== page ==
• William McCoy, whose birthplace is unknown, but it is known that he worked in a brewery in Glasgow, Scotland. His family name is spelled “Mickoy” in the muster book of the Bounty.
  • Matthew Quintal was a Cornishman from Padstow.
  • John Adams, from Hackney, in London, an orphan brought up in a poorhouse, who used a fictitious name “Alexander Smith” in mustering onto Bounty, but after the visit of the Topaz to Pitcairn in 1808 used his birth name, John Adams.
  • John Williams, although he put down Stepney in east London as his home, he grew up in Guernsey and spoke French.
  • William Brown was born in Leicester in the east midlands of England.
  • Fletcher Christian was born on September 25, 1764, at Moorland Close near Cockermouth in Cumberland on the northwest coast of England. His mother was Ann Christian, wife of Charles Christian.

The Pitcairn Island Study Center can be contacted through its website.

More about this story is in The Guardian and on the Pitcairn Island Study Centre Facebook page.

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Historical Maine newspapers to be digitized

The Maine State Library has received a $275,000 federal grant from the National Endowment for the Humanities to digitize over 100,000 pages of historical Maine newspapers.

This is good news for many, including those of us who have ancestors who migrated from Canada to Maine in the 19th and early 20th centuries. I have met several people from Maine who are only one or two generations away from Canada.

Historical Maine newspapers

Maine State Library in Augusta receives $275,000 grant to digitize historical Maine newspapers. Photo: Billy Hathorn, Wikimedia Commons

The project will involve digitizing master microfilm copies of Maine newspapers and optimizing the files so the text can be searched. The digitized content will be uploaded to the Digital Maine repository and the Library of Congress Chronicling America archive.

Maine State Librarian James Ritter said, “Anyone with an internet connection will be able to browse the papers or perform a quick keyword search to look for stories about specific people, places or events from the past.”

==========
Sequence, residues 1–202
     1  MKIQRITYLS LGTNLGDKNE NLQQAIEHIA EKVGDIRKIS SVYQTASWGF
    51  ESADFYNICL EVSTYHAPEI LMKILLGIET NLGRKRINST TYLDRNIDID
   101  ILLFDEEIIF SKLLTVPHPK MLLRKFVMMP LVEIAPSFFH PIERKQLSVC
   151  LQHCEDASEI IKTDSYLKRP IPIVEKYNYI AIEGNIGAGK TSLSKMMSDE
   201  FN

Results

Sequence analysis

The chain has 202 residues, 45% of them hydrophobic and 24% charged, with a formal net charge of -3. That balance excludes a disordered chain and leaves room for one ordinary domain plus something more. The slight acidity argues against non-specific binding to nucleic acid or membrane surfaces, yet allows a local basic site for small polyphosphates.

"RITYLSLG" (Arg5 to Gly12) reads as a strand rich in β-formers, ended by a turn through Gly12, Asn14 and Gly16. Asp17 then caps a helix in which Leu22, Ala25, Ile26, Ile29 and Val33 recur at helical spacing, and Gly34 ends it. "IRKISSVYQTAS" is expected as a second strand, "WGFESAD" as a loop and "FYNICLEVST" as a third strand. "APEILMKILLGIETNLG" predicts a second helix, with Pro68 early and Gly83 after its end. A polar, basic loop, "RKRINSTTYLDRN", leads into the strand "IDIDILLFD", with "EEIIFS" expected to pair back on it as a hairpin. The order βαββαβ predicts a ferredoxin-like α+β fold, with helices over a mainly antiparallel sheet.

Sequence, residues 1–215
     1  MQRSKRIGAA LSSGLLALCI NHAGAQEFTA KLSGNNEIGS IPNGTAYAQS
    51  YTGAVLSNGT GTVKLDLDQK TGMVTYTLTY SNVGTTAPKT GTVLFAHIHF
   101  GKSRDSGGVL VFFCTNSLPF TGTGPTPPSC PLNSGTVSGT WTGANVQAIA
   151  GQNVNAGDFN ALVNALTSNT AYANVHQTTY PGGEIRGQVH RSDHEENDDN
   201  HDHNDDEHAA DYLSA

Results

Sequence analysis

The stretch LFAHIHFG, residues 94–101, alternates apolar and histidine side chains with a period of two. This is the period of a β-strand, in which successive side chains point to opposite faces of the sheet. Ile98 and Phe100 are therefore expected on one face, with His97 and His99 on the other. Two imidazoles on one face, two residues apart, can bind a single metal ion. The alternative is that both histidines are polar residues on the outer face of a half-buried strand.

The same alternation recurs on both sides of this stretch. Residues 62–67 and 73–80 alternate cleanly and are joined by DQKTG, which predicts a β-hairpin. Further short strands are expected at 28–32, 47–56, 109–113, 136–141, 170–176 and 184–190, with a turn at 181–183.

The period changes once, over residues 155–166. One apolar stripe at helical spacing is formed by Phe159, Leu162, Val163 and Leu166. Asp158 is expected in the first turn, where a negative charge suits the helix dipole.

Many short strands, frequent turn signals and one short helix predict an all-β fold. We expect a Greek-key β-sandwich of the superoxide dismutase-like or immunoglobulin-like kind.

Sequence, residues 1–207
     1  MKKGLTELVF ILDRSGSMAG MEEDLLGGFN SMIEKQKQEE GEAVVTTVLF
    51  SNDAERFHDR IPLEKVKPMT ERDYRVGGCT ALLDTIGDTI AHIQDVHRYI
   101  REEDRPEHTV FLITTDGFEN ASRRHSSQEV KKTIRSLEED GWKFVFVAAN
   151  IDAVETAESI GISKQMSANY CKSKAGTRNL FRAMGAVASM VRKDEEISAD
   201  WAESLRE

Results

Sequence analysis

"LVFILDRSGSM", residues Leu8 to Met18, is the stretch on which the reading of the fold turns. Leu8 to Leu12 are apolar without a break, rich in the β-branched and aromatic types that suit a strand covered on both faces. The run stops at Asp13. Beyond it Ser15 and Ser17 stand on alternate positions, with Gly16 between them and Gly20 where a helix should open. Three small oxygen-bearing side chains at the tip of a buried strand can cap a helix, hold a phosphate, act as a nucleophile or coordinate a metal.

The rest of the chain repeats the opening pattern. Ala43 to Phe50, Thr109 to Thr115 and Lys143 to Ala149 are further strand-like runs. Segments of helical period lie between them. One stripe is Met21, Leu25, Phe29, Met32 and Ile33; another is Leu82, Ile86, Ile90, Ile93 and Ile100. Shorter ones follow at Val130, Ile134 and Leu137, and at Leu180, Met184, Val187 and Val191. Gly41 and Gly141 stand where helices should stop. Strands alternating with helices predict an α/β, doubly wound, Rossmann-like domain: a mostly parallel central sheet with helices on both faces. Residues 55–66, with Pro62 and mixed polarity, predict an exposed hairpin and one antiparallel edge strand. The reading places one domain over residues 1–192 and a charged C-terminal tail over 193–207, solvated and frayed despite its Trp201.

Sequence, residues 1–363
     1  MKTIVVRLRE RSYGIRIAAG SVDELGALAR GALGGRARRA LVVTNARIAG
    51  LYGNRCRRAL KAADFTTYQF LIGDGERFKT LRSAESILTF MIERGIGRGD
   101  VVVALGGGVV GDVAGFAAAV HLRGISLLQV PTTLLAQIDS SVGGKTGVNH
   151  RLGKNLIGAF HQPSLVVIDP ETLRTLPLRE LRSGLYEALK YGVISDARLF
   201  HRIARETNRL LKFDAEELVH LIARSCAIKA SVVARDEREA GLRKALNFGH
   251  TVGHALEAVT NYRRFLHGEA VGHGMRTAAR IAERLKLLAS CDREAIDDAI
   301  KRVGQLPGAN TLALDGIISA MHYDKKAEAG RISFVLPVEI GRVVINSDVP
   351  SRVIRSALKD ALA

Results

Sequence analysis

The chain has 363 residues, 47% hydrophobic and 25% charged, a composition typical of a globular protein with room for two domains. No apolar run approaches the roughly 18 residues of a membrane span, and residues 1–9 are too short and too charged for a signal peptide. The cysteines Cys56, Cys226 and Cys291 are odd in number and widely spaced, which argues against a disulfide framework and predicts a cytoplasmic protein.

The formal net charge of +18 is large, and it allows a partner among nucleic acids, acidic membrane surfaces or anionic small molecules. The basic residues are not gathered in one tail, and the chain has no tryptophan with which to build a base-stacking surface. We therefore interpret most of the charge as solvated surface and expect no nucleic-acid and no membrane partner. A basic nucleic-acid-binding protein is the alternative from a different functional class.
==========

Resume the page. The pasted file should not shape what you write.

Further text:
Any Maine newspaper printed prior to 1923 could be included in the project provided that the master microfilm is available for imaging. Newspapers printed between 1923 and 1962 might also be eligible for digitization, if the publisher is willing to provide a waiver of copyright to permit the content to be imaged and shared.

Urgent need for additional newspaper digitization efforts
Unfortunately, a significant amount of Maine newspapers will not imaged through microfilm digitization because quality master film cannot be located or may not have been created.

“Some original copies of Maine newspapers are so fragile that they can’t be handled without causing permanent damage,” said Adam Fisher, director of Collections Development and Digital Initiatives at the Maine State Library. “There’s an urgent need to get quality images of these papers today before the information contained in them is lost to time.”

Old Orchard newspapers digitized
To digitize some of the older newspapers that have not been microfilmed, the Maine State Library partnered with Friends of Libby Memorial Library in Old Orchard Beach to digitize two local newspapers from the past, the Old Orchard Apple and the Old Orchard Mirror. These newspapers can be browsed.

The library is working on a similar project with the Maine Outdoor Sporting Heritage Museum and the Phillips Historical Society to digitize the Maine Woods newspaper, which will be available online later this year.

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Sher Leetooze shares tips for researching Scottish ancestry

If you have Scottish ancestors and seven minutes to spare, take a look at one of Ancestry’s latest videos, Tips for Researching Scottish Ancestry, with Ontario genealogist Sher Leetooze.

Ancestry video_Sher LeetoozeIn the video, Ms. Leetooze shares her advice and favourite resources for tracing your Scottish family history.

I suspect this interview took place at the Ontario Genealogical Society’s conference in Toronto in June when Ms. Leetooze delivered a presentation about parish level research in Scotland.

You will find the video on Ancestry’s YouTube channel.

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Researching your ancestors who lived in France

If you have ancestors from France, there is a new blog post and upcoming webinar that may help you.

Online resources